La normativité des droits de l'homme.pdf
HUMAN RIGHTS QUARTERLY
That some regimes do not observe many human rights does not challenge their status as self-evident moral claims.18 To hold that the normativity
of human rights is self-evident does not involve the assumption that they
are self-enforcing, self-implementing, or omnipotent. Rather, human rights
constitute claims that all regimes face, whether or not the regimes have yet
learned to abide by them.
That some select moral causes present themselves to us as compelling
supports something similar to what religious authorities speak of as revelation. Importantly, in both religious and secular realms, drawing on such a
source does not entail adopting a blind faith in that source; it does not mean
that one cannot also reason about these matters. The fact that some cause is
compelling does not prevent its examination. Here, reason follows, buttresses,
or challenges revelation, rather than being the source of judgment.19
The dictum that “it is better to let a thousand guilty people walk free
rather than hang one innocent person,” may initially seem self-evident.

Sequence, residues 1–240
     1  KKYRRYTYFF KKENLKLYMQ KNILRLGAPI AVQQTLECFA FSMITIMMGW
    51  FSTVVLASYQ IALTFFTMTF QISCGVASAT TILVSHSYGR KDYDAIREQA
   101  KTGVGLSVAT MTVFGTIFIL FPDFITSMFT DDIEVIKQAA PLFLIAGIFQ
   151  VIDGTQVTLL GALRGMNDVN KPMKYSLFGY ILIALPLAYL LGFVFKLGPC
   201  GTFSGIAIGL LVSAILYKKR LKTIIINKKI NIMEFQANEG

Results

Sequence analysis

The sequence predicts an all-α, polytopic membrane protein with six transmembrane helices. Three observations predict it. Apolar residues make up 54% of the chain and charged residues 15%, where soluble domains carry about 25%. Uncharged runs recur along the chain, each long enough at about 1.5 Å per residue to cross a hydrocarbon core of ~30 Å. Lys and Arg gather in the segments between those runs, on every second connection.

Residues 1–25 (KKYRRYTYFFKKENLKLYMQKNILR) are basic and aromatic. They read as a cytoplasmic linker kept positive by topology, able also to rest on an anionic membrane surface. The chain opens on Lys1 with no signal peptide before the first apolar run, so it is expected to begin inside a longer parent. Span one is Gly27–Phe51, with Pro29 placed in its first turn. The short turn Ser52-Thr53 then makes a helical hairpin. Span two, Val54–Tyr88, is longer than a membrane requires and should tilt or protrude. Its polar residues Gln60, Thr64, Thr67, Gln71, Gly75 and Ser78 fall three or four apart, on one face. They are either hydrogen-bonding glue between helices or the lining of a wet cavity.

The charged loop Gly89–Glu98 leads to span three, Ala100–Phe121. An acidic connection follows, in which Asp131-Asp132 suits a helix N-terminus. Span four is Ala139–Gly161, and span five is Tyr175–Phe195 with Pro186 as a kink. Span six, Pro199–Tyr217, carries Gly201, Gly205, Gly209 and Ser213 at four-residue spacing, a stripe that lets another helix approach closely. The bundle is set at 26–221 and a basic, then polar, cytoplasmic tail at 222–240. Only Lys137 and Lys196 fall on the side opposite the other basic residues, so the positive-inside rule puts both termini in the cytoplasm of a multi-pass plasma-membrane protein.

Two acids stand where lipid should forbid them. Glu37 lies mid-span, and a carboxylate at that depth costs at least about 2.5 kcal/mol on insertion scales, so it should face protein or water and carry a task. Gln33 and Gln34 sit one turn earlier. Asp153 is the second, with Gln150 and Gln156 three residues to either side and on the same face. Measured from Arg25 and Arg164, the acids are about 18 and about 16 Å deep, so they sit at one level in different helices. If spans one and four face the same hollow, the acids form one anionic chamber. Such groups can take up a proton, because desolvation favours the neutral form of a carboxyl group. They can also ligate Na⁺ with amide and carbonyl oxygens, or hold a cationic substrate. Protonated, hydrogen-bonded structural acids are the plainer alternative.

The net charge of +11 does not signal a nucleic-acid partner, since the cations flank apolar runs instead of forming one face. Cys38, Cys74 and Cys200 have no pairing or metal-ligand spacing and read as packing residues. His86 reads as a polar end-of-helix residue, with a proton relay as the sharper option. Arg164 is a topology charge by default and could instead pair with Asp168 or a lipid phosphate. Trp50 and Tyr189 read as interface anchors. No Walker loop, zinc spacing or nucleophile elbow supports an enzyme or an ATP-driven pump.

However, when one then notes that these freed criminals are sure to kill at
least several innocent people, one finds that the certitude of the initial statement is no longer as strong as it seemed at first blush. In contrast, when one
learns that a person reacted to a crime by engaging in revenge, the dictum
“two wrongs do not make a right” stands, even after examined.
Charles Taylor writes about this dual nature of morality:
[O]ur moral reactions in this domain have two facets, as it were. On one side,
they are almost like instincts, comparable to our love of sweet things, or our
aversion to nauseous substances, or our fear of falling; on the other, they seem
to involve claims, implicit or explicit, about the nature and status of human
Naturalists and emotivists, Taylor argues, want to forget about the second
part;21 true enough, but it would equally be a mistake to forget about the
first part. One must keep in mind that rational explanations of normativity
are attempts to, as Taylor puts it, “articulate” the moral sense, but are not
Henkin, supra note 1, at 26–29.
Epistemologist Robert Audi writes that “since premises are not needed as a ground for
justified belief of a self-evident proposition, there is also no basis for demanding an
independent argument in every case where there is an appeal to the self-evident.” Robert
Audi, Self-Evidence, 13 Phil. Persp. 205, 223 (1999).
Charles Taylor, Sources of the Self: The Making of the Modern Identity 5 (1989).
Id. at 5–8.
Id. at 7.